At the same time, Blalock was making a name for himself on the court. He starred at East Boston and on Leo Papile’s BABC teams. He went on to Notre Dame Prep and then Iowa State.
After his junior year with the Cyclones, Blalock decided to leave school and enter the NBA draft.
“I had a lot of people in my ear telling me, ‘Oh, you could be a late first-round pick,’ all this and that,” he said.
Then, in a workout with the Dallas Mavericks days before the draft, he rolled his ankle.
The Detroit Pistons took him with the 55th pick. He spent a year with them, then hopped around the globe from Israel to the D-League to Australia to Germany and most recently to Canada.
“I’ve been too well-traveled,” he said.
In eight years, he lived as many basketball lifetimes. When he talks to Napier, he tries to pass it along.
Clashing but connecting
Napier and Calhoun were so similar, it was impossible for them to not butt heads. Admittedly, they’re both at times probably too smart for their own good.
“There’s never been a problem with his intellect,” Calhoun said. “That was never a problem.”
Napier had the kind of personality that dominated a room. It was by design.
“Growing up, in high school, you’re like, ‘All right, I need to be the guy everybody knows,’ ” Napier said. “‘I want to be the guy that as soon as you walk in the building they’re like, ‘Oh, that’s Shabazz.’ ”
Initially, Napier said, that was the kind of attention he wanted. But he didn’t know how to handle it. Eventually, he would get phone calls from Blalock and they’d talk it through.
“He was going to be playing with a Hall of Fame coach in Jim Calhoun and I told him, ‘He’s not going to be putting up with all the antics and the b.s. you’re going to do off the court,’ ” Blalock said. “If you don’t straighten that up, you’re going to be sent home and you’ll be transferring to another school.’”
Early on, Calhoun was tough on Napier, but he had a purpose.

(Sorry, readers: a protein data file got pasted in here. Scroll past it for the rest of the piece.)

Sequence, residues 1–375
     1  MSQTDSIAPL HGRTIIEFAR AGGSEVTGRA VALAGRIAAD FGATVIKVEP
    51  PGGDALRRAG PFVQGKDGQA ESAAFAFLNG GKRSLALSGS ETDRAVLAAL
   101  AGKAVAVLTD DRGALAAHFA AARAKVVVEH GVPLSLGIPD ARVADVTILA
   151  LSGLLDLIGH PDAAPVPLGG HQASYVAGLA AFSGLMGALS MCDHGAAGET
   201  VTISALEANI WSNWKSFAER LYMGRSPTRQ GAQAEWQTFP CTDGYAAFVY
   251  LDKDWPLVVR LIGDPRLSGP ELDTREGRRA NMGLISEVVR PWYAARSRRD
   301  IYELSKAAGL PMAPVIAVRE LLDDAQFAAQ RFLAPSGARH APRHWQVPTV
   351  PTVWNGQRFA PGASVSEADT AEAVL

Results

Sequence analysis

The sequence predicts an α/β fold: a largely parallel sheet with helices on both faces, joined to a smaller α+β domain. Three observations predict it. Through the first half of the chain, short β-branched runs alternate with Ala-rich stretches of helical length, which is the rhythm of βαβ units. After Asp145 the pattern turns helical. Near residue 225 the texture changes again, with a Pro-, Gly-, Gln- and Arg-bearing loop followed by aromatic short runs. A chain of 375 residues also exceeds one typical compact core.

“He needed someone that was going to kind of kick his ass a little bit, but love him,” Calhoun said. “He always needed love.
“He’s like a good hound dog. He’ll sniff you out, find out if you really care. If you’re going to call him names and yell at him and push him, you also have to love him. I loved him.
“I think the greatest thing is, he knew it. Even when he wasn’t the Shabazz Napier we know today, he always knew that people — we at UConn — cared about him.”
They didn’t always see eye to eye, but Calhoun always felt he could get through to Napier.
“Through it all, through all these emotions, through the mood swings that we all go through especially at his age, he’s smart and he always understood,” Calhoun said. “I used to tell him, ‘You know what I’m saying to you is 100 percent true. You’re a smart guy. You know it’s true.’ ”
But when the Huskies struggled the year after winning the national title in 2011, Napier wore his frustration on his face. Walker was gone, and the team was ostensibly his to lead. Between Jeremy Lamb and Andre Drummond, now both in the NBA, Napier had plenty of talent at his side. But the Huskies were a disappointment. They went 20-14, 8-10 in the Big East. Alex Oriaki would transferred to Missouri. Lamb, just a sophomore, entered the draft.
Inside the locker room, the blame fell on Napier.
“I guess word got back saying that he transferred and Jeremy Lamb wanted to enter the draft because they didn’t get along with Bazz and they didn’t like the way he communicated with him,” Blalock said.